The club's portfolio is determined and constructed by its members. With the help of financial publications, advisors, their own research, and a little common sense, most Investment Clubs can construct a solid portfolio. One or two members are usually selected to deal with the club's discount or full service brokerage, which executes buy or sell orders. The value of each member's share is determined on a percentage basis by his or her total capital contributions to the club's total portfolio value. In the US, the NAIC provides help with club accounting guidelines and software that make the process of bookkeeping relatively easy.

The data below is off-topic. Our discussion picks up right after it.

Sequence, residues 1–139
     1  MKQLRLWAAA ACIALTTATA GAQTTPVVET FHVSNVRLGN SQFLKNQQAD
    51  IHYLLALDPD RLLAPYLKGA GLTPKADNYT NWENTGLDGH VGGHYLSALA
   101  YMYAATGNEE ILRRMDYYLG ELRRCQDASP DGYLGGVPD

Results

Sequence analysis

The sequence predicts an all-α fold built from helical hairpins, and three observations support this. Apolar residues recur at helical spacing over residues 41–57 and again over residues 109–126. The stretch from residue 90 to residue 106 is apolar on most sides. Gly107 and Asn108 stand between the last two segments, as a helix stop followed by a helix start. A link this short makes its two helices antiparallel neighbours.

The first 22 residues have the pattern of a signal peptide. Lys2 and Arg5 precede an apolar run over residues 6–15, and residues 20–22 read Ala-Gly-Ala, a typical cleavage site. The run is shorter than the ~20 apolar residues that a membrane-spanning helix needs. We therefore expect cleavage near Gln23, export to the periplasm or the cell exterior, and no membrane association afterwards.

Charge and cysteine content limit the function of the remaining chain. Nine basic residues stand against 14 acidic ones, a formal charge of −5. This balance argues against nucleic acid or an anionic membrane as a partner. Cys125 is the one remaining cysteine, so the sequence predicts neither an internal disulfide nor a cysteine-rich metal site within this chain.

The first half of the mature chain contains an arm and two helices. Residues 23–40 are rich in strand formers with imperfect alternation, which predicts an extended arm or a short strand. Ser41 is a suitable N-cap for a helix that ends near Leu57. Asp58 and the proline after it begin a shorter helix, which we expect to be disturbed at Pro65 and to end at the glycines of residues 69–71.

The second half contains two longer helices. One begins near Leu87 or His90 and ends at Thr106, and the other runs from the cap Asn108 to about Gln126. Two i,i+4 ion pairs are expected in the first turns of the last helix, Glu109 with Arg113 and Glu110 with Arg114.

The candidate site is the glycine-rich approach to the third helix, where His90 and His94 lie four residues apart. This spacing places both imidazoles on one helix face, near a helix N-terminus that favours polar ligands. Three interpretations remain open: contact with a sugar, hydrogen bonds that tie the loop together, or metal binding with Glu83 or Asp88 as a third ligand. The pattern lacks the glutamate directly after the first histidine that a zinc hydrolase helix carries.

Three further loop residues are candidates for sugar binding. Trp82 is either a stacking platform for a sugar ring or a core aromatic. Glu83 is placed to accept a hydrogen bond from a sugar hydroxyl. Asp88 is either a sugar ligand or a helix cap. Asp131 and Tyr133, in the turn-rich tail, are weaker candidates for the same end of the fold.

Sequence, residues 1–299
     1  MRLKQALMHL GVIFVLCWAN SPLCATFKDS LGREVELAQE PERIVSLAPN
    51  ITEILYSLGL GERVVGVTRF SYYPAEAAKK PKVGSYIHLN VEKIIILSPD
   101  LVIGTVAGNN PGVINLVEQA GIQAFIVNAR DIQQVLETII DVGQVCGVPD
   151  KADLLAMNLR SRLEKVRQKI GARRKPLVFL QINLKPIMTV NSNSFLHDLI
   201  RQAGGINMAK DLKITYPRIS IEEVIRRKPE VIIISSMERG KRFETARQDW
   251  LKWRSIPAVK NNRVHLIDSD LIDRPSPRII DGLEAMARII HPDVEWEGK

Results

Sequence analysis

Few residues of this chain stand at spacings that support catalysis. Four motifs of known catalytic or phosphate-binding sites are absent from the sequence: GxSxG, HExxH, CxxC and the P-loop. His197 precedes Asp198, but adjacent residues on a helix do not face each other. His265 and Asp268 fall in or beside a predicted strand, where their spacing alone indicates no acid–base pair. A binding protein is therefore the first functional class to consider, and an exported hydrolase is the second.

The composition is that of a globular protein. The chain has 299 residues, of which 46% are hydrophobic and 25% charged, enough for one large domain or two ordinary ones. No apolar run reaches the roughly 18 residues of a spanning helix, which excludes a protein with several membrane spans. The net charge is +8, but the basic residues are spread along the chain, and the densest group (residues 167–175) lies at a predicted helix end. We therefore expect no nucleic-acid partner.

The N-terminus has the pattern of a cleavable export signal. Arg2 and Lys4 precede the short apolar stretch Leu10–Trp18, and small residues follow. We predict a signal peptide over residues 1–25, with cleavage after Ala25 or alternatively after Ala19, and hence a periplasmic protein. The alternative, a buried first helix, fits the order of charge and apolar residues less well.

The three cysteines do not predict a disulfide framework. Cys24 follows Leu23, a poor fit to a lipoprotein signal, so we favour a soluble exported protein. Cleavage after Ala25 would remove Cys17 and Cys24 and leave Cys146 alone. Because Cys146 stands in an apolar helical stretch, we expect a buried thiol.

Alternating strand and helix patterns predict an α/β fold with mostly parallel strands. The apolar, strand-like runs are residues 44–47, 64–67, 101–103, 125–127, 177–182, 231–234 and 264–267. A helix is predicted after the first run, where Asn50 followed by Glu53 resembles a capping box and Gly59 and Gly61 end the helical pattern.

As we mentioned above, most clubs are set up as legal partnerships. Canadian clubs can either request partnership documents from their provincial government to set the agreement up themselves or consult a lawyer familiar with this area of the law (a good idea). Again, in the US the NAIC provides a wealth of information on this topic. Generally speaking, in terms of tax liability, a partnership agreement as an entity is usually not liable for taxes on the investment gains or losses, but rather each member is responsible for reporting his or her share in the partnership, and the capital gain or loss involved.